In Arizona, when you establish a last will and testament or an estate plan with a revocable trust with the advice and guidance of a Phoenix estate planning attorney, you will have the opportunity to name a guardian for your minor child or children if you should pass away or become incapacitated.
If you are a parent, and if you are struggling with the idea of selecting a guardian, you are not alone. Many parents in Arizona actually put off preparing a last will and testament or setting up a revocable trust because they can’t make a decision about a guardian.
What needs to be taken into account when you select a guardian for your minor child or children? Will you be able to change your selection in the future if a change is warranted? If you are a parent in the State of Arizona, keep reading for the answers you may need.
What Must Be Considered When You Designate a Guardian?
Listed below are ten considerations that you should take into account when you designate a guardian for your minor child or children:
- Your choice of a guardian is not necessarily a permanent choice. You can always revise a last will and testament or an estate plan with a revocable trust when and if a revision is warranted.
- If you have elderly parents, they might not be the best choice to act as guardians. Your parents may be healthy now, but as the years pass, they may be facing their own health issues and may not have the energy to raise a teenager.
- If you end up choosing your parents as guardians, also designate an alternate guardian so that your parents may decline if they feel that they cannot act as guardians when and if that time comes.
- Who would take care of your child right now if you were suddenly and unexpectedly killed, incapacitated, or disabled in some kind of accident? The person who would take care of your child right now may be the person you should choose as a guardian.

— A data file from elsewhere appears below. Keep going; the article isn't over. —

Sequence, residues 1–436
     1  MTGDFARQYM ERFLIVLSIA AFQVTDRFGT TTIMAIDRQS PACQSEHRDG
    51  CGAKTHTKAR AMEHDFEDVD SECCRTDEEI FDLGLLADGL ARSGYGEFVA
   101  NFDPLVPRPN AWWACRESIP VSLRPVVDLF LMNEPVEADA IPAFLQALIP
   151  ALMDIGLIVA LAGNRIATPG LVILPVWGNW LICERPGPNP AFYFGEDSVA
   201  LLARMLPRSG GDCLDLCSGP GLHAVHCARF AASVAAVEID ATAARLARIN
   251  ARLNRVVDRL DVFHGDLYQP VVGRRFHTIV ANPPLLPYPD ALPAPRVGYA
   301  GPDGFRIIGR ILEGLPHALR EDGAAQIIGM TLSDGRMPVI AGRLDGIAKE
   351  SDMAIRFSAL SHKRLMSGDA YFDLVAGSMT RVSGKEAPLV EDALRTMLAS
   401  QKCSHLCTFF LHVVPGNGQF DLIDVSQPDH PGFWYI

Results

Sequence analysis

- The right choice for a guardian may be a close family friend with children the same age as yours. If you have such a friend, and if that person is willing and able, it’s a choice that could provide structure and familiarity at a critical time in your child’s life.
- If you and your spouse (or your ex-spouse) disagree about who should be named as a guardian for your child or children, try to find a way to compromise. One option might be to divide up the duties of care, by having one person act as guardian and another act as conservator.
- Do not let a stranger make this decision for you. If you fail to name a guardian for your minor child or children, in a worst-case scenario, an Arizona judge will appoint a guardian for your child or children, and you will have no say in that decision.
- Find out who your child would like to live with if the worst should happen. Your child’s preference should be an important consideration. In fact, a child of 14 or over has a right to nominate and object to a proposed guardian in Arizona.
- Realize that no one will be a perfect choice as your child’s guardian, because the best guardian for your child is you.